(2) (A) When a judgment has been entered, if the court finds that a conviction was sought or obtained in violation of subdivision (a), the court shall vacate the conviction and sentence, find that it is legally invalid, and order new proceedings consistent with subdivision (a). If the court finds that the only violation of subdivision (a) that occurred is based on paragraph (3) of subdivision (a) and the court has the ability to rectify the violation by modifying the judgment, the court shall vacate the conviction and sentence, find that the conviction is legally invalid, and modify the judgment to impose an appropriate remedy for the violation that occurred. On resentencing, the court shall not impose a new sentence greater than that previously imposed.

(B) When a judgment has been entered, if the court finds that only the sentence was sought, obtained, or imposed in violation of subdivision (a), the court shall vacate the sentence, find that it is legally invalid, and impose a new sentence. On resentencing, the court shall not impose a new sentence greater than that previously imposed.

(3) When the court finds there has been a violation of subdivision (a), the defendant shall not be eligible for the death penalty.

(4) The remedies available under this section do not foreclose any other remedies available under the United States Constitution, the California Constitution, or any other law.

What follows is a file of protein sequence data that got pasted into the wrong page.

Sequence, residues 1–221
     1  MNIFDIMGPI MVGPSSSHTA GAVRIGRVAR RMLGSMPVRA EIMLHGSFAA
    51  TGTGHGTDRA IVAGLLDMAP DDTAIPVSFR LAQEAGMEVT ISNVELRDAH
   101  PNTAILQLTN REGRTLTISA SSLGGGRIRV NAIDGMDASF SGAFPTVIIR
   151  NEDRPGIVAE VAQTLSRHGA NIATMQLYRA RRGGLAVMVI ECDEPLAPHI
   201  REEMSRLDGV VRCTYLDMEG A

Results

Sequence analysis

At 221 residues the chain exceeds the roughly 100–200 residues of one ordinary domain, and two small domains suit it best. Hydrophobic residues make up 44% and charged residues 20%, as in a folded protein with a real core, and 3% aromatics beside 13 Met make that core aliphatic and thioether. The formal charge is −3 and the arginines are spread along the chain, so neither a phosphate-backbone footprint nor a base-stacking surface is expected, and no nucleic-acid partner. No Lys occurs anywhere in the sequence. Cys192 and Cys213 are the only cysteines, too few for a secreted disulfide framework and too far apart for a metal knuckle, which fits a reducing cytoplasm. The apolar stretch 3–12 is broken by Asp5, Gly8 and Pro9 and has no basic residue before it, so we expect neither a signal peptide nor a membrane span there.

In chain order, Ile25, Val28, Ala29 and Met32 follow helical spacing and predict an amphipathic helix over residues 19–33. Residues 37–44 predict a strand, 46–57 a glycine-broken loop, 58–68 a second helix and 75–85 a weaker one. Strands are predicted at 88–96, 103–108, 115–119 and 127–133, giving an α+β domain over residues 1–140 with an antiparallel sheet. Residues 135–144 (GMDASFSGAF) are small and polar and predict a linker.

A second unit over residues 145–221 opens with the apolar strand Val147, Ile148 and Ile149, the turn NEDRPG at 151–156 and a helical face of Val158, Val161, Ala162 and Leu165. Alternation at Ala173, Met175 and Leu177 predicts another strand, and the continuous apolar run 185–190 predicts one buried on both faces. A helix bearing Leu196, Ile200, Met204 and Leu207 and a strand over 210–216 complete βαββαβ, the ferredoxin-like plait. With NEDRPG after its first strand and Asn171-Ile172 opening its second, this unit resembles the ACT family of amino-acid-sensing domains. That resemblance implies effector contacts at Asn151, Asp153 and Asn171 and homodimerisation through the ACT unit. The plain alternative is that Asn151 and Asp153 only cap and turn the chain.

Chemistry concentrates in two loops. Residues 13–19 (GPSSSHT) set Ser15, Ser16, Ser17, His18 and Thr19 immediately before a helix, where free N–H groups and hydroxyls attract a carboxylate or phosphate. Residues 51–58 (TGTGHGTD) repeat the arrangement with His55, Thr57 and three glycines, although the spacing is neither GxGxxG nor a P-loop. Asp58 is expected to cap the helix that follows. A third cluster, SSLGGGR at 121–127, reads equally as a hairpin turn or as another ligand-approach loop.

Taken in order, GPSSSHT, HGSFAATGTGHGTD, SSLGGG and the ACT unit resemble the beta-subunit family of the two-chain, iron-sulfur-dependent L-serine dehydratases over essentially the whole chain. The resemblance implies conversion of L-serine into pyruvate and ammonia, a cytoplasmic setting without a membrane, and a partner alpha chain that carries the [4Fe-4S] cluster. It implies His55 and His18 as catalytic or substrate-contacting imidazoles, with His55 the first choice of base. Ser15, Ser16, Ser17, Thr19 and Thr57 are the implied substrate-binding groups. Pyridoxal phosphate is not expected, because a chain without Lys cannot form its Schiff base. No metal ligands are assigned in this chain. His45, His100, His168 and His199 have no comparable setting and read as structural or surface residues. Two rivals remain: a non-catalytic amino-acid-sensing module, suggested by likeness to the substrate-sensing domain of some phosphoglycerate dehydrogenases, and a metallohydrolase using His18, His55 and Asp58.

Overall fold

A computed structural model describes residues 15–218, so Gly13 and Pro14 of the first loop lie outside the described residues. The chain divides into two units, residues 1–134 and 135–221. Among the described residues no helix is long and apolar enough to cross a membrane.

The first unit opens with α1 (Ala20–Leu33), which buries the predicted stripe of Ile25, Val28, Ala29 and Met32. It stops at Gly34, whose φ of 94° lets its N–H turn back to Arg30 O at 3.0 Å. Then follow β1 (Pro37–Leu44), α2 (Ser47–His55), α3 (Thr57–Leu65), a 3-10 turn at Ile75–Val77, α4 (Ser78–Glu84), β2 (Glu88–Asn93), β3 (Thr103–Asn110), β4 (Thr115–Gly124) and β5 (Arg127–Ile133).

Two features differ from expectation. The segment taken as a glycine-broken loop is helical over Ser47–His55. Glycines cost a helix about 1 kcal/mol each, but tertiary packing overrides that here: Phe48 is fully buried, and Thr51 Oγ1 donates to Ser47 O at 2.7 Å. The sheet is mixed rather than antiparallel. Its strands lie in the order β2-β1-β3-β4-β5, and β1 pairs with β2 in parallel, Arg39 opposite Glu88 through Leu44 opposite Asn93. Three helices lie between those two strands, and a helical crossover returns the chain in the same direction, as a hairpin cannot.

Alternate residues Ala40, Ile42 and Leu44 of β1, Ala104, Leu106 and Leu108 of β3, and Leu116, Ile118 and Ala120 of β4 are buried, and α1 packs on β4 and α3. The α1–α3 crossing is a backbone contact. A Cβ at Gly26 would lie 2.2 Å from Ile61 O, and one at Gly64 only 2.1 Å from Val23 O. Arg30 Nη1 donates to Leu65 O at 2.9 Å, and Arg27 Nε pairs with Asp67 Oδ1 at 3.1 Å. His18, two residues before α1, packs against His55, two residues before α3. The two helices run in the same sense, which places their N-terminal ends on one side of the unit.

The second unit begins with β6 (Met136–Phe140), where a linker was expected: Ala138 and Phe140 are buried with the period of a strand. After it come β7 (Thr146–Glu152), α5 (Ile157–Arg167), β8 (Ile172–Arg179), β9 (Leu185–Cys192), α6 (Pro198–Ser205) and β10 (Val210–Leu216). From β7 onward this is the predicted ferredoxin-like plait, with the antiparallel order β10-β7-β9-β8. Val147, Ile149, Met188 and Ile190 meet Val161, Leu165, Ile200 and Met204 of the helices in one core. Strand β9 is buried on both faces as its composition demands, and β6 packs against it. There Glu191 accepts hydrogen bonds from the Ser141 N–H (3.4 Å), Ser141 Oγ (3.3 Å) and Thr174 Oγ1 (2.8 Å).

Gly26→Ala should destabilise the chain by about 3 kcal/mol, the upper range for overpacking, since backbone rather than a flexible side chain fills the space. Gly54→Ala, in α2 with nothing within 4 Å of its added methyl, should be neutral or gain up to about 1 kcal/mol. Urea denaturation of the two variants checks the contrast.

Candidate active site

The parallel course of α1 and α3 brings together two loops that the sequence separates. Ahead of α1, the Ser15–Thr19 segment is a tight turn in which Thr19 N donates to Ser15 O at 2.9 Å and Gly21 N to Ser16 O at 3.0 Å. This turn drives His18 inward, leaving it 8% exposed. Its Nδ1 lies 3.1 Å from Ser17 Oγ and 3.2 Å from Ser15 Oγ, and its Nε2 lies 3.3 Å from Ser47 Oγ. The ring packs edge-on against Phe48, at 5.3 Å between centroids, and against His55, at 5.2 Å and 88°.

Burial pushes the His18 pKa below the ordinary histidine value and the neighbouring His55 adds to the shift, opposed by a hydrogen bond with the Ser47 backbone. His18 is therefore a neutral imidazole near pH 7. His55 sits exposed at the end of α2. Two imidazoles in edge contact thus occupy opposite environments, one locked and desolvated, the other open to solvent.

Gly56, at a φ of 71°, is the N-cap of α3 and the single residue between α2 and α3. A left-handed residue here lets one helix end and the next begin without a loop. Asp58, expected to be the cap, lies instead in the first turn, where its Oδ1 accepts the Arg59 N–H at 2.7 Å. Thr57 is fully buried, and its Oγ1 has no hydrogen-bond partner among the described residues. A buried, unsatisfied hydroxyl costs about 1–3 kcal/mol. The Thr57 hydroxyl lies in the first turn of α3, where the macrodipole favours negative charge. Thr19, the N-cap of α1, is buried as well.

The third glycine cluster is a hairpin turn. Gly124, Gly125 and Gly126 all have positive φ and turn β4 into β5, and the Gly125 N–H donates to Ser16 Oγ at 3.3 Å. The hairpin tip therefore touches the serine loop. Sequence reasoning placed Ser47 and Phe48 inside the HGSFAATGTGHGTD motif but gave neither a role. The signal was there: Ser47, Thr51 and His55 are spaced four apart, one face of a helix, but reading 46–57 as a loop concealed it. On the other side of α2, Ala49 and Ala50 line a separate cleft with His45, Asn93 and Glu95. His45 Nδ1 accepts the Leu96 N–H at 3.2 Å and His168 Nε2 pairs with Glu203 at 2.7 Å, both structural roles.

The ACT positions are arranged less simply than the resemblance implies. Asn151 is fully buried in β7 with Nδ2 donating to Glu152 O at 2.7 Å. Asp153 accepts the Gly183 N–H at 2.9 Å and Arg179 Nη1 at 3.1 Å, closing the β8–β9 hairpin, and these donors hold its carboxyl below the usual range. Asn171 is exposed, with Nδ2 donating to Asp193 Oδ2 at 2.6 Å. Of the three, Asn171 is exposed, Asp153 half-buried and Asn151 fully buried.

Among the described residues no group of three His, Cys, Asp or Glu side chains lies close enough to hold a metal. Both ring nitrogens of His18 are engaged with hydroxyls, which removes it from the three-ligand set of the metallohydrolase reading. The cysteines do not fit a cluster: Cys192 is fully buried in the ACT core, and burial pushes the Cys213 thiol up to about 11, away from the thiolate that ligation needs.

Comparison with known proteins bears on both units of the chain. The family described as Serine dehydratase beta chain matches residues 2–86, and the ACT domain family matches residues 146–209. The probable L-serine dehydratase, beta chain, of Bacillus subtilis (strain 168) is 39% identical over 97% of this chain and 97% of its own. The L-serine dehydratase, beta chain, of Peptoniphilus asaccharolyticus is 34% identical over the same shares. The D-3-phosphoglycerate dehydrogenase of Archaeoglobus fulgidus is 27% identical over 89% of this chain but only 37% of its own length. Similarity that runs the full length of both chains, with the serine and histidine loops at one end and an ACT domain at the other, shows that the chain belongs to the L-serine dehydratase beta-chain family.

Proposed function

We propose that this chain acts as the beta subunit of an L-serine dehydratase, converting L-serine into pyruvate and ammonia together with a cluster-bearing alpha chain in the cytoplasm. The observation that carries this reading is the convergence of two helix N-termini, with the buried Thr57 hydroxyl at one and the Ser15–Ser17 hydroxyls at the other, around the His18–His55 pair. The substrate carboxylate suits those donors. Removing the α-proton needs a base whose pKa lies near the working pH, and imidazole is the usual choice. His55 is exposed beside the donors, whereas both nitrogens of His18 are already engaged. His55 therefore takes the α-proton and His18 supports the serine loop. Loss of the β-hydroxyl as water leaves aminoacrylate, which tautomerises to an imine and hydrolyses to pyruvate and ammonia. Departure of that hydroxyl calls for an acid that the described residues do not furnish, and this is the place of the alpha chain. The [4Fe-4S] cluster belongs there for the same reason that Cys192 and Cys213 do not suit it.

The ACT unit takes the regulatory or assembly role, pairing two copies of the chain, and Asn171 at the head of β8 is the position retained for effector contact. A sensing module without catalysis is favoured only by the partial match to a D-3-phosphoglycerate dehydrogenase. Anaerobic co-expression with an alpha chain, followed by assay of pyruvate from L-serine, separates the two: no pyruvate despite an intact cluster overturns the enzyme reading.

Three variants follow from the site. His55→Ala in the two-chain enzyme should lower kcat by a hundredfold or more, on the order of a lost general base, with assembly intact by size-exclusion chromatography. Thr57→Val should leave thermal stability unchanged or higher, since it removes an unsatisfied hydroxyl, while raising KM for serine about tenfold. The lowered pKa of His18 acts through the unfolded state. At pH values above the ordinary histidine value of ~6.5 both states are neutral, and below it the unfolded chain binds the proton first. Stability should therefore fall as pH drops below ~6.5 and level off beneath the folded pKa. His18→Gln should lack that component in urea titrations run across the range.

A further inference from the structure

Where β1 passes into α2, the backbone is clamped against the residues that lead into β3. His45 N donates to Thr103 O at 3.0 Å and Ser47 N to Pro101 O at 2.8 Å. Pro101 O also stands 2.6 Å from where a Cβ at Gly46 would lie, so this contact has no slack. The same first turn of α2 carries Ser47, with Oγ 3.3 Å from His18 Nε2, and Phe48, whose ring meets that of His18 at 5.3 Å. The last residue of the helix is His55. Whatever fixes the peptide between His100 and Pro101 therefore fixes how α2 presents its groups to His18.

(f) This section also applies to adjudications and dispositions in the juvenile delinquency system.

(g) This section shall not prevent the prosecution of hate crimes pursuant to Sections 422.6 to 422.865, inclusive.

(h) As used in this section, the following definitions apply:

(1) “More frequently sought or obtained” or “more frequently imposed” means that statistical evidence or aggregate data demonstrate a significant difference in seeking or obtaining convictions or in imposing sentences comparing individuals who have committed similar offenses and are similarly situated, and the prosecution cannot establish race-neutral reasons for the disparity.

(2) “Prima facie showing” means that the defendant produces facts that, if true, establish that there is a substantial likelihood that a violation of subdivision (a) occurred. For purposes of this section, a “substantial likelihood” requires more than a mere possibility, but less than a standard of more likely than not.

(3) “Racially discriminatory language” means language that, to an objective observer, explicitly or implicitly appeals to racial bias, including, but not limited to, racially charged or racially coded language, language that compares the defendant to an animal, or language that references the defendant’s physical appearance, culture, ethnicity, or national origin. Evidence that particular words or images are used exclusively or disproportionately in cases where the defendant is of a specific race, ethnicity, or national origin is relevant to determining whether language is discriminatory.

(4) “State” includes the Attorney General, a district attorney, or a city prosecutor.

(i) A defendant may share a race, ethnicity, or national origin with more than one group. A defendant may aggregate data among groups to demonstrate a violation of subdivision (a).

(j) This section applies only prospectively in cases in which judgment has not been entered prior to January 1, 2021.

(Added by Stats. 2020, Ch. 317, Sec. 3.5. (AB 2542) Effective January 1, 2021.)